I recently read about the last Blockbuster store open in America. As fond memories of renting video games and movies on the weekend started to surface, I couldn’t help but think how the once beloved company got to this point. A bevy of reasons exist, but one of the most telling is that Blockbuster didn’t adapt its business model to the emergence of the internet. Specifically, Blockbuster didn’t ask itself how it could utilize this new tool to its advantage. As a result, it was left in the dust as others did.
Blockbuster serves to remind us of why it is important to follow emerging technologies and ask, “How can this technology solve problems my business faces?” A great example is blockchain—a technology that has continued to capture headlines and threatens to disrupt every industry. Today I will explore the possibilities of blockchain effect on the commercial real estate industry.
Blockchain is a digitized, distributed ledger that immutably records and shares information to its network. The blockchain also creates an environment for strangers to transact with each other without establishing trust in one another first. Until recently, blockchain was known as the technology powering bitcoin. However, numerous industries have begun exploring blockchain-based applications for their business. These applications include: smart contracts, property rights, medical records, supply chain management and many others. For a deeper dive into what blockchain is and how it works, please check out our e-book. Blockchain is positioned to change the way we do business in the commercial real estate sector.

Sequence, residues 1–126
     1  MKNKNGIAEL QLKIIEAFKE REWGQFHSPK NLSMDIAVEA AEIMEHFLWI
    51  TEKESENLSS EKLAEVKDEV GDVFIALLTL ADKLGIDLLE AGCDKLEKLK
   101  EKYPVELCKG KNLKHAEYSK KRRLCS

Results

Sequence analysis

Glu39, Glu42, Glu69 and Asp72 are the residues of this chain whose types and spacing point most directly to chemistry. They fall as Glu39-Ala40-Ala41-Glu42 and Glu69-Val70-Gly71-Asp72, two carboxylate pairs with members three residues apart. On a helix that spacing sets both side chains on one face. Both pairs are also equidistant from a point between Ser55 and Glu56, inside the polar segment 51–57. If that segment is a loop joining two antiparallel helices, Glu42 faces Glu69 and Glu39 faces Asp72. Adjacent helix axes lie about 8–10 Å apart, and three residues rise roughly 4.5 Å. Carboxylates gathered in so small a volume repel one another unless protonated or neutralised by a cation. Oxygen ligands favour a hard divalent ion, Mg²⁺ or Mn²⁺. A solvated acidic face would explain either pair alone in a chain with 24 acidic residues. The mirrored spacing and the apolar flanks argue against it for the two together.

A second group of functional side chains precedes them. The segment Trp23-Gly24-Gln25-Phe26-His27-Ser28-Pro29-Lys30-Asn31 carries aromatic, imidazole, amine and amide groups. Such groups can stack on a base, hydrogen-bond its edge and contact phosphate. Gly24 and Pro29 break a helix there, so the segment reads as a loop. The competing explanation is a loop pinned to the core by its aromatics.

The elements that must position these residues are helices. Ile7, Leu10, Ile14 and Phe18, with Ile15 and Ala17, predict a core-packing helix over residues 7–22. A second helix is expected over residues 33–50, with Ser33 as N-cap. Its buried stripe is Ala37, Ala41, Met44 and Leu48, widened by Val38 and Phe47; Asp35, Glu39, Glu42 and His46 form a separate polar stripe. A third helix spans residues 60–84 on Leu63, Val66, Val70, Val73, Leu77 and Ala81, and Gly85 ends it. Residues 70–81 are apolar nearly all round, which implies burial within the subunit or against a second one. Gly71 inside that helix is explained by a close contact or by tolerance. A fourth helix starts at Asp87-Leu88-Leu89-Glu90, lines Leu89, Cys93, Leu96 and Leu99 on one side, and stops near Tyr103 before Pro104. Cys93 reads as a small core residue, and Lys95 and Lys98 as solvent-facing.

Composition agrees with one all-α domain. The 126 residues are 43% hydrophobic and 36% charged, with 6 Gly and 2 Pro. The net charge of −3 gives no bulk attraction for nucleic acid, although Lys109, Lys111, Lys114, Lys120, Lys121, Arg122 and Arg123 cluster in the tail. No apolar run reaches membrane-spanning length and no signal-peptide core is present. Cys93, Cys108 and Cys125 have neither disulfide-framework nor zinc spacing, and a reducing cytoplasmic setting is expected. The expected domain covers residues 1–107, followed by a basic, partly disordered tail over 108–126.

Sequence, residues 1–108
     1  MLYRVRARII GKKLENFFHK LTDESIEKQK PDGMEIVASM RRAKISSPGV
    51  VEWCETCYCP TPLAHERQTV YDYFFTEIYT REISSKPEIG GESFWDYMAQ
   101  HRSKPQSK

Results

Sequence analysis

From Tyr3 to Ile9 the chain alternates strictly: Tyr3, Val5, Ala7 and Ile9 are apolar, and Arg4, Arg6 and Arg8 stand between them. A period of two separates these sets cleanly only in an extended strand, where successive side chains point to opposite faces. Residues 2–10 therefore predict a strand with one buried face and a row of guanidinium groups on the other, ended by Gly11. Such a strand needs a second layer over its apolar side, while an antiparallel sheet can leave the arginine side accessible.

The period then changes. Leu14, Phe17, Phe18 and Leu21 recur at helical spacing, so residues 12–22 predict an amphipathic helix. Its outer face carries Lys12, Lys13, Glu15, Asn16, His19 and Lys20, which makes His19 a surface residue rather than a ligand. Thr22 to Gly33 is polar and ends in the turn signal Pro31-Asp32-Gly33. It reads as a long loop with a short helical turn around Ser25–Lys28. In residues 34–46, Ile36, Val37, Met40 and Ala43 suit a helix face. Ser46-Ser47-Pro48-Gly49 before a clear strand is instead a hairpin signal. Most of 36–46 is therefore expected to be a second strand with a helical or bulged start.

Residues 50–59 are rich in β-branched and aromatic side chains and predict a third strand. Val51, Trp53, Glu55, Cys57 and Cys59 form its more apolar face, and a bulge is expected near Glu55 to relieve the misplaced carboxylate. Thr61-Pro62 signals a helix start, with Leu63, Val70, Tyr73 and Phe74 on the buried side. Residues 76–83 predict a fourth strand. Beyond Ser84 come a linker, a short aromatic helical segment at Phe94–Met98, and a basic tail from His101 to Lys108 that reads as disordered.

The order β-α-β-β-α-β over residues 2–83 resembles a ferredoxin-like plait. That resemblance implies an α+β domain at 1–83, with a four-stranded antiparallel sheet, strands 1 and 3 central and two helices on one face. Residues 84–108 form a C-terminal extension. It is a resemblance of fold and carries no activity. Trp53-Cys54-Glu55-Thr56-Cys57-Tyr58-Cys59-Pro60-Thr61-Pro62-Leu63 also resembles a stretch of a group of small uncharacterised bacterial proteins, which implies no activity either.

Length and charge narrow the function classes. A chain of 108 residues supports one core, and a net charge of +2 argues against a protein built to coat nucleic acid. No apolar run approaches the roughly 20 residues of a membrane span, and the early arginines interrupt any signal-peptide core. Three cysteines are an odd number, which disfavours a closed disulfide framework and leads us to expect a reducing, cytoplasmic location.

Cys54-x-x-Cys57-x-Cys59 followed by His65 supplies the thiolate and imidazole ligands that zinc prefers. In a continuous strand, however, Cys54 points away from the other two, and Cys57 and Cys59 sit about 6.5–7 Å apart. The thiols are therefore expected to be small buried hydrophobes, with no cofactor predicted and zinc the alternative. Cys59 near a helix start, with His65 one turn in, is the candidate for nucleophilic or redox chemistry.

How Can Blockchain Serve the CRE Industry?
The idea is to review areas of the CRE industry and identify where we can gain efficiencies through the blockchain. Some existing challenges in the industry include:
- Inefficient property search process due to fragmented data
- Time-consuming due diligence process due to paper-driven and predominantly offline record keeping
- Record-keeping issues over titles that result in high costs related to title insurance, fraud risks and required diligence in the clearing process
- Inefficient, expensive and limiting financing mechanisms
- Need a large amount of capital to transact in the industry
Digitizing Data and Titles
Every real estate transaction goes through the multiple listing service (MLS), which provides information including, location, property features, rental rates, appraisals and more. The data found here is fragmented, often times outdated and can be difficult for people who aren’t real estate professionals to access and interpret.
Additionally, these services often require a subscription, adding to the many costs associated with real estate deals. A blockchain-based MLS would result in accurate, secure, data that is quickly accessible to anyone at a lower cost. Even in 2018, the majority of title information remains stored at the local levels and is offline (paper).